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Summer help wanted

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SUMMER JOB: Many tweens or teenagers will find jobs this summer such as checking fences or cattle. It may require the use of an ATV. If you are hiring young people, you need to understand the rules around this type of work, and it all depends on age.
There are rules for employing young people to help on the farm over the summer months.

With high school graduations coming to an end, it signals the onset of summer. In rural communities, that means hardworking young people are out looking for that perfect summer job, and many will find it on a local farm. But one University of Missouri Extension agricultural economist says agriculture employers need to understand the labor laws associated with hiring young workers.

Joe Horner is an MU Extension agricultural economist and co-author of MU Extension’s Missouri Farm Labor Guide. “As farmers hire young workers, keep in mind the need to keep them safe, provide extra guidance and obey labor rules,” he says.

Horner offers the following guidelines when hiring young people to work for your farm or agribusiness this summer:

Assign appropriate tasks. Employees ages 16 and older may do any type of farm work, according to the Fair Labor Standards Act. However, restrictions apply to workers younger than 16. For example, younger workers may not do hazardous jobs unless permitted by an exemption.

Farmers may not realize it, but hazardous jobs include:

  • operating a tractor with more than 20 PTO horsepower
  • running a hay mower, hay baler or forklift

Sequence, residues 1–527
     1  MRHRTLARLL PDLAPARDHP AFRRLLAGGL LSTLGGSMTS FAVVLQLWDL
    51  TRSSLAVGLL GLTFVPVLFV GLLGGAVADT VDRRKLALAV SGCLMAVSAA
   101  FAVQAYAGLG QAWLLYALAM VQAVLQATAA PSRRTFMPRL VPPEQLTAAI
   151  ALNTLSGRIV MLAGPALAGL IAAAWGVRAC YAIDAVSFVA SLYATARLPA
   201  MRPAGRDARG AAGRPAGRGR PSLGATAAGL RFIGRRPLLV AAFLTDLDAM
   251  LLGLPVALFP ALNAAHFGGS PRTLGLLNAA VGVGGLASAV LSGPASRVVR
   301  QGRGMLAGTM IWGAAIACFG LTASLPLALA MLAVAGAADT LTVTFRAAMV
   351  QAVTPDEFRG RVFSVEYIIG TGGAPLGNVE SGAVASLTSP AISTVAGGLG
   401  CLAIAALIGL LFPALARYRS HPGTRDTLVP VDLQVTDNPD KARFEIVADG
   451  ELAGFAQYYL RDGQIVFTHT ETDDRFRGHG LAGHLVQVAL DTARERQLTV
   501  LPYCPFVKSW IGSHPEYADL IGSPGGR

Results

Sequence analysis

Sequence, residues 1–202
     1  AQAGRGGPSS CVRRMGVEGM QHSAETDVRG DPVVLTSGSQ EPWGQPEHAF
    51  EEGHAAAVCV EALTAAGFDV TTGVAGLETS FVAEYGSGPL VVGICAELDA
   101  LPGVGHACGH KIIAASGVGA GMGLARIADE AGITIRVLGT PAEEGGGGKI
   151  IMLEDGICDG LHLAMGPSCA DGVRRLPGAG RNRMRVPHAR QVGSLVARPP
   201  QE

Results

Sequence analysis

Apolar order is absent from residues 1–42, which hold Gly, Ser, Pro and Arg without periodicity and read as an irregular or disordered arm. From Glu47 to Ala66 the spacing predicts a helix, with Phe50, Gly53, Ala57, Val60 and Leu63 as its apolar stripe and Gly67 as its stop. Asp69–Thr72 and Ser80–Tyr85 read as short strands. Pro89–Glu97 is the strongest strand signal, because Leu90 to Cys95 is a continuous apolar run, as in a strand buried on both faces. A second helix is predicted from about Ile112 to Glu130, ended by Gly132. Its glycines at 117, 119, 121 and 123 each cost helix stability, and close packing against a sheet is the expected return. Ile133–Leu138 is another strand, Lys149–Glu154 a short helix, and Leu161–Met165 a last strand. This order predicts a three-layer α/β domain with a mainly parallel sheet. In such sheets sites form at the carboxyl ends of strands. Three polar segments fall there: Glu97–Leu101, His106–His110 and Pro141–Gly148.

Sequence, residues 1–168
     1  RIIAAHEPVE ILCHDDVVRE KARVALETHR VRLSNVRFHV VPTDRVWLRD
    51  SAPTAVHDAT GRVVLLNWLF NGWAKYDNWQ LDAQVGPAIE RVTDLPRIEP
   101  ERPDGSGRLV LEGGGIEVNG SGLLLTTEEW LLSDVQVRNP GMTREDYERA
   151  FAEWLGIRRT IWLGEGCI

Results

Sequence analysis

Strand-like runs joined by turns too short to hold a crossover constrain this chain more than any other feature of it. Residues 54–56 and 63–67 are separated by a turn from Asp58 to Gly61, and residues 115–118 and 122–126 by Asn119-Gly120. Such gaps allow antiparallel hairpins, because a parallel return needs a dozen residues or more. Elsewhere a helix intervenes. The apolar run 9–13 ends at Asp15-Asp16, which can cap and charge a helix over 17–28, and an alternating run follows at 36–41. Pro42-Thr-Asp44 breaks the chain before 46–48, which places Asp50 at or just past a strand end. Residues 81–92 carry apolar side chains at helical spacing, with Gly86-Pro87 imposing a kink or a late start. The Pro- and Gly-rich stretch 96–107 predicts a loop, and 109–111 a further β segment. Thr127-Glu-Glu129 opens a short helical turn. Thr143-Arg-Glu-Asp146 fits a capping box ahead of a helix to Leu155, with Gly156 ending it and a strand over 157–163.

• working in a yard, pen or stall that has a cow and newborn calf with its umbilical cord still intact

Horner says avoiding these situations will ensure a safe work environment for youth.

Know when youth can work. In Missouri, 14- and 15-year-olds employed during the summer — June 1 to Labor Day — may work only between 7 a.m. and 9 p.m. when school is out of session. They may work up to eight hours per day and six days per week to a maximum of 40 hours in a week.

Secure work certificate as needed. Hiring a 14- or 15-year-old requires a work certificate. The young person should request the certificate from an issuing officer, such as the student’s school superintendent or principal.

As part of the request, employers must submit a statement of intention to employ that includes a position description and information about the young person’s work schedule. The work certificate must be complete before the work start date. Keep work certificates and youth employee names, addresses, ages and daily work schedules on file for at least two years.

Understand wages. Missouri’s 2021 minimum wage is $10.30 an hour. In Illinois, it is $11 an hour, and in Kansas, it is $7.25 an hour. A quick online check can determine your state’s minimum wage. However, there are some exemptions. For example, the Fair Labor Standards Act exempts agricultural employers who record 500 or fewer “man days” during a given calendar quarter within the past calendar year.

Agricultural work conducted by an employee for at least one hour in a day counts as a “man day.” Also, the 1996 amendments to FLSA allow employers to pay a youth minimum wage of not less than $4.25 an hour to employees who are younger than 20 years old during the first 90 consecutive calendar days after initial employment. However, Horner suggests that employers pay at least the state’s minimum wage.

Understand family dynamics. In situations where children work for their parents, Missouri’s child labor laws vary. To be exempt from the state’s child labor laws, a parent or legal guardian must own the business where the child works and have direct control of the child during work.

Hiring a young person as a summer employee may have benefits that outlast a single summer, Horner says. “By hiring young workers, farmers can help train the next generation in agriculture and create a labor pipeline that can support their business in the future,” he says.

For more information about hiring youths and managing a labor force, see the Missouri Farm Labor Guide.

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